Even the people who are onstage appear alienated from the proceedings. Jackson Pollock Bar’s “Picasso/Braque 1989,” (2009), which is described as an “installed theory installation,” reenacts a panel discussion with the art historians Edward Fry, Yves Alain Bois, Rosalind Kraus and Leo Steinberg that took place twenty years ago during the ‘Picasso and Braque’ exhibition at MoMA. The video and (barely audible) audio tracks are out of sync, because the voice track–based on an edited transcript of the original 1989 discussion–was recorded by one group of people and then acted out by a different group who essentially lipsynced the recorded discussion, giving voice and gesture to the text in puppet-like fashion. (The woman who performs Rosalind Krauss as a snippy, hair-flipping drama queen is hilarious, stealing the show when she apes lines like, “Your interpretation is wrong!” and “I find this repellent!” Ah, theory humor. You gotta love it.)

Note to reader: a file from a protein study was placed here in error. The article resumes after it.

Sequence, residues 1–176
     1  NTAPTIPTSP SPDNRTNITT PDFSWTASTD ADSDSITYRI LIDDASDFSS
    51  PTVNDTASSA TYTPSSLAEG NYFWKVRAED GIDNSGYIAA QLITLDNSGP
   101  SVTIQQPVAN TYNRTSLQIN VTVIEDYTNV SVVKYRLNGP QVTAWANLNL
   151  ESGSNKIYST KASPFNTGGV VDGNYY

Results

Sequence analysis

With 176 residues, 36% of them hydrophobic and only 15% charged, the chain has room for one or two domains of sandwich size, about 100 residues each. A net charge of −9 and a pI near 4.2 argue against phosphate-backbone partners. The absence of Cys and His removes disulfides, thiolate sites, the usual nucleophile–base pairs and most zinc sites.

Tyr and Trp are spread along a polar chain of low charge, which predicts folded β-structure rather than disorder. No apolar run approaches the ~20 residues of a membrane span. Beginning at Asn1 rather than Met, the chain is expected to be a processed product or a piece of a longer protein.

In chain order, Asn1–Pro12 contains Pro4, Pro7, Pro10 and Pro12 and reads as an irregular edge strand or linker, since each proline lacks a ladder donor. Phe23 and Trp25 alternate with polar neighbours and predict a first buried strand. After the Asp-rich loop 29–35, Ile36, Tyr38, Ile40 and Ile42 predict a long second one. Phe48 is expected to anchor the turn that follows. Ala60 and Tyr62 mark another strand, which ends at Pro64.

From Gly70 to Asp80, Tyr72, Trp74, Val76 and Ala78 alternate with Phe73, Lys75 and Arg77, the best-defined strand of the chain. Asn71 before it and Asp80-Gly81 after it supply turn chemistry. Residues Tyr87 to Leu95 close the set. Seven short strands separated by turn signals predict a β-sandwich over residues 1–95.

Critic Jan Verwoert (who’s a dead-ringer for a certain parodic ex-SNL character) checks his cell phone while presiding over the mock-trial in Hila Peleg’s 100 minute dvd, “A Crime Against Art,” 2007 (click on the link for a brief clip). Peleg’s film is based on a staged trial at an art fair in Madrid, which was itself fashioned after Andre Breton’s mock trials of the 1920′s and 30′s. The idea is that an art crime has been committed, and there are “experts” and “witnesses” who take the stand to testify, but no one can get at exactly what the crime is, or who’s responsible.
A stream of familiar buzzwords flow from the mouths of these critics and curators-cum-performers, like old friends from high school who you once thought were cool, but seem sort of sad and adrift now, twenty years later: words like ‘agency,’ ‘strategical’ (yep), ‘opacity,’ ‘reification,’ ‘criticality.’ My head was starting to ache from it all, but then again it could have been the hunger. I took off the headphones before Verwoert rendered a decision of guilt or innocence, but not before taking note of Bard College’s Center for Curatorial Studies director Maria Lind’s bright red fingernail polish. Did she get them done just for the trial, I wondered, or do they always look that nice?